Return To Forever Returns - Live At Montreux, recently issued on Blu-ray by Eagle Rock, ranks among the finest live music presentations I've seen on a home video format.
Return To Forever, a pioneering jazz fusion group that left an indelible mark on the '70s music scene, reunited in 2008 for the first time in roughly 25 years. Their classic line-up, active during '74-'76 and very briefly in '83, consists of keyboardist (and founding member) Chick Corea, bassist Stanley Clarke, guitarist Al DiMeola, and drummer Lenny White. These are the four musicians who rejoined forces last year. Captured July 18th, 2008 at the Montreux Jazz Festival, the nearly two hour performance featured on this disc is mind-blowing.
Fusion at its best is a very demanding form of music, requiring an investment of time and patience to appreciate. Many jazz purists have little opinion beyond general disdain for the electric, heavily amplified genre. An equal amount of rock fans don't care for the technical 'noodling' that ultra-long solos can sometimes appear to be. Return To Forever, however, is a group of masterful artists who's talent is simply too immense to be ignored. I would urge anyone unfamiliar with the group, and their highly accessible catalog, to use this release as a starting point.
As for the song line-up, it sticks with material from the group's mid-'70s heyday. The earliest track featured in the set list is the title track from 1973's Hymn Of the Seventh Galaxy. "Vulcan Worlds," from '74's Where Have I Known You Before is performed, along with "Song Of the Pharaoh Kings" from the same album. The title tracks from '75's No Mystery and '76's Romantic Warrior are also present and accounted for. While that would be an anemic set list for most rock shows, these are long pieces, all featuring intricate solo passages from the quartet.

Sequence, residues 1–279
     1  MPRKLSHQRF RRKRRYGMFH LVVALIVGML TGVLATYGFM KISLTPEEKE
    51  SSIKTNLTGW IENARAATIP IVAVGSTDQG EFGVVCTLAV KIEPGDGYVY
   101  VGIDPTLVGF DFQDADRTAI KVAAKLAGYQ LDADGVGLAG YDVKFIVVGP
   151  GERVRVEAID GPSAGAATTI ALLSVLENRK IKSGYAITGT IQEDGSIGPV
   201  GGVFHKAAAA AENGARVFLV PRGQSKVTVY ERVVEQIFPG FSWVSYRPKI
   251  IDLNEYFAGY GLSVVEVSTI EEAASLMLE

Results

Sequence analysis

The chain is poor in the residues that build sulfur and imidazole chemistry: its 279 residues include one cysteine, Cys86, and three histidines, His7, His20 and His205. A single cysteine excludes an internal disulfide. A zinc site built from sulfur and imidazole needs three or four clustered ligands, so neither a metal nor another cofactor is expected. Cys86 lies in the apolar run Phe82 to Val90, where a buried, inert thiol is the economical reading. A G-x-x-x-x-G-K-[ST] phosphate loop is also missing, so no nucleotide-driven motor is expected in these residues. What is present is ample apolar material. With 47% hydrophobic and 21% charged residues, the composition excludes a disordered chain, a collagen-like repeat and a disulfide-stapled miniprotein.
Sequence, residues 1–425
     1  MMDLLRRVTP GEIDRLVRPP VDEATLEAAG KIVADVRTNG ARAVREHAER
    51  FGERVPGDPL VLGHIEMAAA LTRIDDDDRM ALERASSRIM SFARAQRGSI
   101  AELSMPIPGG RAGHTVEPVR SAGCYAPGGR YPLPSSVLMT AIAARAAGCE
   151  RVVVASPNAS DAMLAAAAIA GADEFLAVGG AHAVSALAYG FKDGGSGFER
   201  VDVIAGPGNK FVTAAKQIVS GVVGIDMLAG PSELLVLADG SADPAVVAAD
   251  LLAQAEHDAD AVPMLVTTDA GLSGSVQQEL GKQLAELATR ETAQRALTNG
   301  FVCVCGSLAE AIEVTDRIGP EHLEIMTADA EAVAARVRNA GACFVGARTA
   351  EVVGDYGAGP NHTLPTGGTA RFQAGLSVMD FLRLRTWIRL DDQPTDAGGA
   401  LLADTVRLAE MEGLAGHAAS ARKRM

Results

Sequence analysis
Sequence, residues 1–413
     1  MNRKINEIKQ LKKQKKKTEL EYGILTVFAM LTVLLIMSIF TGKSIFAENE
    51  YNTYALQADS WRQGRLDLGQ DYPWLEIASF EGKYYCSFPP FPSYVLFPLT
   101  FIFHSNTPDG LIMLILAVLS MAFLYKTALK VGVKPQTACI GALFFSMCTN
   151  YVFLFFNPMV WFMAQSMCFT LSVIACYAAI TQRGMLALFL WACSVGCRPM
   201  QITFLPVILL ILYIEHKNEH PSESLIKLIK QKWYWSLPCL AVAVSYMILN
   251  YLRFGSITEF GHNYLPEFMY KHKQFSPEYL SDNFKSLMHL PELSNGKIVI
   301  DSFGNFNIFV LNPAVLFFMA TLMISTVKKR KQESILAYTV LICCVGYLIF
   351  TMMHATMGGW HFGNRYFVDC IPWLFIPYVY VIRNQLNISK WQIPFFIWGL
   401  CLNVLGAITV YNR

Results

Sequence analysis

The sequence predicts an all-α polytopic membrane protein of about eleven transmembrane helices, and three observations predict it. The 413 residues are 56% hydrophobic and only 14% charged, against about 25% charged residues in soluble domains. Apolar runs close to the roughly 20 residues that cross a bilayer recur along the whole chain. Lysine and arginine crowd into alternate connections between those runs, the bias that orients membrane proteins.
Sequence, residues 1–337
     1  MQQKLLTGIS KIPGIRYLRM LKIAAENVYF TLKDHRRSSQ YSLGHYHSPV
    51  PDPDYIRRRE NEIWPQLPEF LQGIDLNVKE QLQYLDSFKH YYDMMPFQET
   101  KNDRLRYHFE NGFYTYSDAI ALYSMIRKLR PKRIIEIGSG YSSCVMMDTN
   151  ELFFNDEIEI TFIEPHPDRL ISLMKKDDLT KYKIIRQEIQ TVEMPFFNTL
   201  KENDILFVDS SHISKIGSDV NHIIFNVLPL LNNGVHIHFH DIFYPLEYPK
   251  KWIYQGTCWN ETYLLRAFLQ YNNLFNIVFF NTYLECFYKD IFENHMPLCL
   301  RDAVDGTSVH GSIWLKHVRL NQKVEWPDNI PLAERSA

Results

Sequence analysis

Speaking of solo passages, the best parts of the show are the solo features from each of the four musicians. DiMeola's solo comes first, and his total command of the fretboard is more breathtaking than ever. Corea displays his dexterity on a bank of keyboards during his spot. Clarke arguably steals the entire show with "El Bayo de Negro," throwing his entire body into his bass playing. The last solo spot goes to White, who's complex, shifting percussion rhythms are less outwardly flashy but absolutely essential to anchoring the group's sound. Don't worry if your jaw goes completely slack during these solo segments, it's a normal reaction to such artistry.